The Greek word translated as “voice” is “phōnēn.”  According to Strong’s that word can truthfully translate as “voice,” but it can equally be truthful as “language” or “dialect.”  Keep in mind that Peter and the other eleven new Apostles were speaking in foreign tongues in order to get everyone’s attention.  So, what “language” was Peter speaking loudly?


When I once explained that this does not place importance on Peter yelling loudly, but that his voice was “raised” spiritually, by the Holy Spirit, one woman screamed at me, “Then why doesn’t it [the translation] just say that?”


She did not want to hear anything of value come from me, so it was pointless to argue with her in a Bible study surrounding.  However, “it” does say that [when “it” is “ἐπῆρεν”], when one is reading the Greek text and having to look up every word, because one is not fluent in Greek.  The singular translation in a reading takes one away from that realization; but a singular translation is how people are given a general overview of the truth.  It is the stuff of syntax and how we make sense of anything spoken.


In Matthew 18:21 is another example, but this example is one that involves untranslatable marks that act as guides for the written text.  Often we see in a reading from John how he placed parentheses marks denoting him making an aside statement.  Such as: “Jesus crossed to the far shore of the Sea of Galilee (that is, the Sea of Tiberias),” from John 6:1.  Or, “(For not even his brothers believed in him.), from John 7:5.  Such marks do not change the text.  They just assist the reader in understanding.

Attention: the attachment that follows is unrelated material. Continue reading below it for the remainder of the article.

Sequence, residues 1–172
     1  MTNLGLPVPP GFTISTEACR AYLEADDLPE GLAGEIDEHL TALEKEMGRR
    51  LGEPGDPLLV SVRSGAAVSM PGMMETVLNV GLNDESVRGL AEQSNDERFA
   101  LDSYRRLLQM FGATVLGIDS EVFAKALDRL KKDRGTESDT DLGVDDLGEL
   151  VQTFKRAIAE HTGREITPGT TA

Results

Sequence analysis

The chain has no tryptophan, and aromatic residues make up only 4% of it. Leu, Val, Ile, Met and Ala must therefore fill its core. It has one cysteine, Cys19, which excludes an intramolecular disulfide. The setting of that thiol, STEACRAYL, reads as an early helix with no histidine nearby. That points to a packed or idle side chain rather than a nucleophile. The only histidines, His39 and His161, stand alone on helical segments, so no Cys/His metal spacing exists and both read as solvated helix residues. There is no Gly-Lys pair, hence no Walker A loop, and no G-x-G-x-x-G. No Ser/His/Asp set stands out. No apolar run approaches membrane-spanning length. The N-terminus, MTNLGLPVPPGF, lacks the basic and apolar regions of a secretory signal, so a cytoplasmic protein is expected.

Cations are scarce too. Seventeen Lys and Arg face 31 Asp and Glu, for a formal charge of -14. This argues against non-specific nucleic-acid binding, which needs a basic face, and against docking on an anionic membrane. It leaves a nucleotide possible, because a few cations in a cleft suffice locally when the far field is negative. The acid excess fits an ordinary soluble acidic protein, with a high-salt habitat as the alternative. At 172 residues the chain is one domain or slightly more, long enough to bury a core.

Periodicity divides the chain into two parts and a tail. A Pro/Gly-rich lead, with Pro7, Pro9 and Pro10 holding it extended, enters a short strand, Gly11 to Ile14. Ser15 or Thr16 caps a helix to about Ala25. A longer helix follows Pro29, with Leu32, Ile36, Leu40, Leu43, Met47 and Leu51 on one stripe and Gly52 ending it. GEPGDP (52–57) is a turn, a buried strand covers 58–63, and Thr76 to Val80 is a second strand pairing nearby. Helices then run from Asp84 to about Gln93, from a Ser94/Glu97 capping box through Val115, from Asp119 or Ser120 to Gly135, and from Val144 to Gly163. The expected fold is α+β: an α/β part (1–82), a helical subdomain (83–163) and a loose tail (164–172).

The NRSV translates Matthew 18:21 as saying: “Peter came and said to Jesus, “Lord, if another member of the church sins against me, how often should I forgive? As many as seven times?” 


While that certainly can be a viable English translation that conveys the essence of what is stated, setting up that which follows, the reality is there is signage within that verse that is ignored.  Those marks of direction are important, as they point one to see how something deeper is stated.